Thinking Yogi

The intersection of two loves: yoga and writing.

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Posted by on in Health

I used to punish myself with exercise. For most of my 20s, exercise was little more than a way of dealing with the negative feelings I had about my body. It was my way of coping with having eaten too much or having eaten the 'wrong' things. When I felt too fleshy, too indulgent, I'd try to 'work it off,' to shed those bad feelings.

I've never been much of a gym person, so going out for a run was my punishment of choice. But it took a lot just to get out the door. I dreaded my runs and would find any excuse to delay. I usually felt pretty good when I was done, but mostly because I had appeased my feelings of self-loathing. I had paid the price for my wrongdoings (at least for that day).

Just as a child who is accustomed to punishment will continue to act out in order to get the expected result, after my workout I'd feel like I had earned a reward, so I'd allow myself a big bowl of ice cream. But as I ate, feelings of guilt and obligation arose because I was anticipating the next day's punishment. And since I'd already been 'bad' with the first bowl, I helped myself to a second (with chocolate syrup this time), thus feeding the cycle. The next day I'd have to run harder and longer to feel okay, then I'd rebel again the day after by polishing off the rest of the container of ice cream. And so on.

Having grown up as an athlete and dancer I couldn't understand why fun exercise was so hard to come by as an adult. In high school I went to volleyball or softball practice every day after school, running, jumping, playing, playing. In college, dance classes were an integral part of my day and a way to express my creativity. My body liked movement, so why was it so hard as an adult to find a way to 'work out' that felt good?
 
I soon realized that the big difference from the days of teams and dance classes was that back then I pursued purposeful movement rather than a goal-based activity of logging a certain number of miles to get a sufficient workout. When my kids play they roll around on the floor, crawl under or over me as I practice yoga, jump over cracks in the sidewalk, and always find ways to express themselves with their movement. As an adult, my exercise routine had become punitive rather than joyful and purposeful, and I was determined to change that.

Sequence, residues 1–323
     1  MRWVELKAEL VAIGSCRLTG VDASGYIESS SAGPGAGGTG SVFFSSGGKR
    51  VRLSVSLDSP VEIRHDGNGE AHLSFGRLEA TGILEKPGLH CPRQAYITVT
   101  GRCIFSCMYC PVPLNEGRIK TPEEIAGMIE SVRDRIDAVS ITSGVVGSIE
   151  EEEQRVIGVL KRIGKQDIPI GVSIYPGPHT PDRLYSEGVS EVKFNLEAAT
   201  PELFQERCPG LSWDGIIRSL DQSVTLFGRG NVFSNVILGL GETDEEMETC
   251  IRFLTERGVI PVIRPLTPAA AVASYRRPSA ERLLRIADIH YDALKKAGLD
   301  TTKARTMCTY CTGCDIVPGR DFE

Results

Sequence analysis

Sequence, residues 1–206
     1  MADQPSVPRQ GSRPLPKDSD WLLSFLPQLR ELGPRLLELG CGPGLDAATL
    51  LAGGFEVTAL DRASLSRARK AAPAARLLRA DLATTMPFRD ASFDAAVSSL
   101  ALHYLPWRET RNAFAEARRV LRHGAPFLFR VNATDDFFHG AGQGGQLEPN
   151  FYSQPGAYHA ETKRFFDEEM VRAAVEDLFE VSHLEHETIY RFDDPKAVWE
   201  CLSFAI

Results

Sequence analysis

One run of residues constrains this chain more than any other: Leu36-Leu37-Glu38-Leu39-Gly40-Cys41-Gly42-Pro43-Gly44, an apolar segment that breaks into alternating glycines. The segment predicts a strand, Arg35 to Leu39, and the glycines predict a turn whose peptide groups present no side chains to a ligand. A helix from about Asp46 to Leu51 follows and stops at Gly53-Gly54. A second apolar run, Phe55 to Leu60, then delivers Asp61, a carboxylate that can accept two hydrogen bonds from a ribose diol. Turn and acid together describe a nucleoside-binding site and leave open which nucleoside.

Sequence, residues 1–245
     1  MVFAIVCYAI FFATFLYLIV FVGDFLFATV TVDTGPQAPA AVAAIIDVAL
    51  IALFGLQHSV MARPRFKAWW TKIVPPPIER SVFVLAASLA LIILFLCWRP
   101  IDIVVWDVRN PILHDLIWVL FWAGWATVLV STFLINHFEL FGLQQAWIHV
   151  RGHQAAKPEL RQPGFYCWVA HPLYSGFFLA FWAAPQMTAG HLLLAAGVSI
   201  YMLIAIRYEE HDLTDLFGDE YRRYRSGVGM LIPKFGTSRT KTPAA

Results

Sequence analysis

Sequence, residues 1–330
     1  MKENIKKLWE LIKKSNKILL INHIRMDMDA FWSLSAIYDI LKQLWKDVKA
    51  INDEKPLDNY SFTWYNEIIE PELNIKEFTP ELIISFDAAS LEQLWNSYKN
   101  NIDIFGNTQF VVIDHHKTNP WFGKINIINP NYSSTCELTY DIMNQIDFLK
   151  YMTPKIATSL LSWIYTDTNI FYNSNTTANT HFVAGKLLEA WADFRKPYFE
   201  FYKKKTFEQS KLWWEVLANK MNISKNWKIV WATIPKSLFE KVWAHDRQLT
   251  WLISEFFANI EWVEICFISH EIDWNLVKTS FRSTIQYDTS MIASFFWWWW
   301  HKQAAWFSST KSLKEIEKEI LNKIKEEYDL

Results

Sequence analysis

I decided to take the leap and stop 'working out.' It was a little rough at first. It was hard to find a way to get enough movement to satisfy my body's needs, and I worried that I would gain weight. But I stuck with it because it just felt awesome to go for a nice walk, to swim, to get on the mat for the joy of it instead of pumping out a ton of mindless vinyasas.

The funny thing is, when I stopped punishing myself and focusing on negative body image, I felt less of a need to eat compulsively or overeat on unhealthy things. Emotionally I was more satisfied, and I knew that I could enjoy a delicious brownie and a big glass of creamy whole milk without feeling the need to 'work it off' later. I was practicing balance and joy, and it felt great.

Now that I've stopped 'working out,' I've realized that I don't want to compartmentalize exercise. Movement is part of who I am, not just something I can do at a gym. Going for a walk is not about burning calories, but rather about getting me from home to the grocery store, about moving and breathing and being part of my community. My yoga practice is part of who I am, not something I have to force myself into doing because I've been 'bad' and had too much dessert. Movement just feels good, so I do it. To me that's what exercise should be - it should answer a physical, mental, and emotional question, a need we all have to be mobile beings.

I believe that even when yoga is practiced vigorously, it's not a 'workout.' Rather you're 'working in,' going deeper into yourself on all levels. When I step back from being compulsive about exercise and eating, when I choose to move my body in ways that bring me joy, I feel healthier and happier. And I'm actually in better physical shape now than when I was beating myself up with exercise.

Yes, it's the New Year. Yes, this is traditionally the time to make health and fitness commitments. But if exercise becomes a chore and a punishment, it's something that you will inevitably fall off from. When you instead recognize your body's innate need to move and you find the ways that feel best to you instead of just dragging yourself to the gym, movement can be as joyful as you remember it as a kid. And that brownie you enjoy without fear of retribution will be even sweeter.

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